Subcommittee Hearing: Bangladesh in Turmoil: A Nation on the Brink?

The United States has expressed grave concern over the prevailing Bangladesh situation centering the upcoming national election to be held by January 24 next year.

The Foreign Affairs Sub-Committee on Asia and the Pacific of the Congress has observed that rigid stance of both the major political parties and the increasing violence and attacks on minorities, are the main concern of the US government.

With Steve Chabot, chief of the Sub-committee chairing the significant hearing in the backdrop of sustained political deadlock, was held in Washington on November 20.

Mr. Chabot shared his experience gathered in recent visit to Bangladesh when he witnessed the deaths and destructions during the opposition-sponsored violent shutdowns. He also said he felt after his meeting with Prime Minister Sheikh Hasina and Opposition Leader Khaleda Zia that both were steadfast in their own positions.

The hearing followed the calls from the US Secretary of State John Kerry, the UN Secretary General Ban Ki Moon, leaders of the European Union (EU) and some other countries to the major players to engage in a dialogue have proved futile.

The hearing titled — “Bangladesh in Turmoil: A Nation on the Brink ?”— has also expressed grave concerns over the violent turn of the opposition-sponsored hartals. It was also apprehended that the violence might threatened more in the coming days. It apprehends that Bangladesh’s political stability would be at stake if the violence continued.

Ed Royce, chairman of the office of House Committee on foreign affairs, expressed concern over the recent attack on minorities in Bangladesh. Citing the example of Pakistan, Mr. Royce asked the government to be watchful over Madarassa education and the rise of fundamentalism. He suggests the country should take immediate steps to prevent the spread of militancy.

Dr Ali Riaz, a public policy scholar at the Woodrow Wilson Centre, president of Bangladesh Institute of Peace and Security Studies AMN Muniruzzaman, and John Stifton, Asia Advocacy Director of Human Rights Watch, took part as panel speakers.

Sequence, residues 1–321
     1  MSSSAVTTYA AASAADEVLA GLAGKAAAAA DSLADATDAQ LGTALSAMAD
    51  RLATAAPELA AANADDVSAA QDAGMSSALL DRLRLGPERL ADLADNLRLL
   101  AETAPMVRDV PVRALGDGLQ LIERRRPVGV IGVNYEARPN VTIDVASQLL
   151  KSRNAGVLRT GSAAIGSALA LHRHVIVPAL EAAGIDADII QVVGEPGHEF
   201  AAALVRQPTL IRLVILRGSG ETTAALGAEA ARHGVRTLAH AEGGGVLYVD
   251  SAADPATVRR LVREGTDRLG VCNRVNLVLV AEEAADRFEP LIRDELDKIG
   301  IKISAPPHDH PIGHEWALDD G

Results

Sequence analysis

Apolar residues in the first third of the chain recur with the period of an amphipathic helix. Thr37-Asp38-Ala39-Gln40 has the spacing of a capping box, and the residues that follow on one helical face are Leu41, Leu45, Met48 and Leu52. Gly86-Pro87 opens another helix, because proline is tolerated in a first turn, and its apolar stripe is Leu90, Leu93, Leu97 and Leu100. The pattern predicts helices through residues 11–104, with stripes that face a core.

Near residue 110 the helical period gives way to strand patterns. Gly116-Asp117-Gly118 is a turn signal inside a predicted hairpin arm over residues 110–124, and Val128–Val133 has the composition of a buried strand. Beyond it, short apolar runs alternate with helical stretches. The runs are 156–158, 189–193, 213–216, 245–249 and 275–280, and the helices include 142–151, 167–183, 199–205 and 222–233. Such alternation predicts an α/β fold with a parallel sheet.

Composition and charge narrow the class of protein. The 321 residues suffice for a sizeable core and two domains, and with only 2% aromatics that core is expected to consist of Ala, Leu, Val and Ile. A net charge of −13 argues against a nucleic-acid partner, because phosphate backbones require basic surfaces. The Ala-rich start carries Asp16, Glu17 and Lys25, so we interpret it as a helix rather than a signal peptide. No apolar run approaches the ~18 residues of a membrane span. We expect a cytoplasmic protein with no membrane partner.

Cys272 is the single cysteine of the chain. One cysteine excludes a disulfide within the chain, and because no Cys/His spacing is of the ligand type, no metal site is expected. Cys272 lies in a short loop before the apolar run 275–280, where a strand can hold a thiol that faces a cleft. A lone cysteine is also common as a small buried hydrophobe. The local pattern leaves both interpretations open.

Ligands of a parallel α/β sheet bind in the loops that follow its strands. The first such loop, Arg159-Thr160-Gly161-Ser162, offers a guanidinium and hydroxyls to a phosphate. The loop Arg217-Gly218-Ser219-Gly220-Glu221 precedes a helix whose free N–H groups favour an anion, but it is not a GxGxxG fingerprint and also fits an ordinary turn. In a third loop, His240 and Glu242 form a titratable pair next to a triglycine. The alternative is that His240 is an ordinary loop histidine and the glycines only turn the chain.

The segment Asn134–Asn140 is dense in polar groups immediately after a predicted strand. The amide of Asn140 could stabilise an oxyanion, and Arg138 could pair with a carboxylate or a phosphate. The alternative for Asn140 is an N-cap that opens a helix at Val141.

Ali Riaz, in his statement to the committee, insisted that an election without the participation of the opposition will have disastrous consequences. It will engender violence which will have high human costs and may bring instability to the region. The economic and social progress made by Bangladesh in the past decades will be seriously hampered, he opined. He said that it is in the interest of the US and the international community to act. Describing Bangladesh as an ally of the US, he said, “With imminent withdrawal from Afghanistan and unpredictable relations with Pakistan, the US cannot afford to lose a partner in South Asia.”

Chabot shared his experience of his visit to Dhaka on Nov 5-6. During his visit, Chabot was witness to Opposition shutdown and violence. It appeared to him that Bangladesh was passing through a political crisis. Chabot said he felt after his meeting with Prime Minister Sheikh Hasina and Opposition Leader Khaleda Zia that both leaders were steadfast in their own positions. It was not certain yet whether the Opposition would take part in the polls, the Sub-Committee Chairman said. The US Congressman apprehends Bangladesh’s political stability would be at stake if the violence continued till the election.

Details of the Subcommittee Hearing, including videos of the meeting and speakers, can be viewed here

Source: The Hindu , Illinois state Uni website,